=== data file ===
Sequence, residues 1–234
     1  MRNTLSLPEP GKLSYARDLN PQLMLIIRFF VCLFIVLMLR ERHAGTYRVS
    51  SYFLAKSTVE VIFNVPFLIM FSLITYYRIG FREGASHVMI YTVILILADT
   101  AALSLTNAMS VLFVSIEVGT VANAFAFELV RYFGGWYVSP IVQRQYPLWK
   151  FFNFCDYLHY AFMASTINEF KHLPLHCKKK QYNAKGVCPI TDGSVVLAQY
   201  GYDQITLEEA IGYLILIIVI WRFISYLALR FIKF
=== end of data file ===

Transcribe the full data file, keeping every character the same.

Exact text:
Sequence, residues 1–234
     1  MRNTLSLPEP GKLSYARDLN PQLMLIIRFF VCLFIVLMLR ERHAGTYRVS
    51  SYFLAKSTVE VIFNVPFLIM FSLITYYRIG FREGASHVMI YTVILILADT
   101  AALSLTNAMS VLFVSIEVGT VANAFAFELV RYFGGWYVSP IVQRQYPLWK
   151  FFNFCDYLHY AFMASTINEF KHLPLHCKKK QYNAKGVCPI TDGSVVLAQY
   201  GYDQITLEEA IGYLILIIVI WRFISYLALR FIKF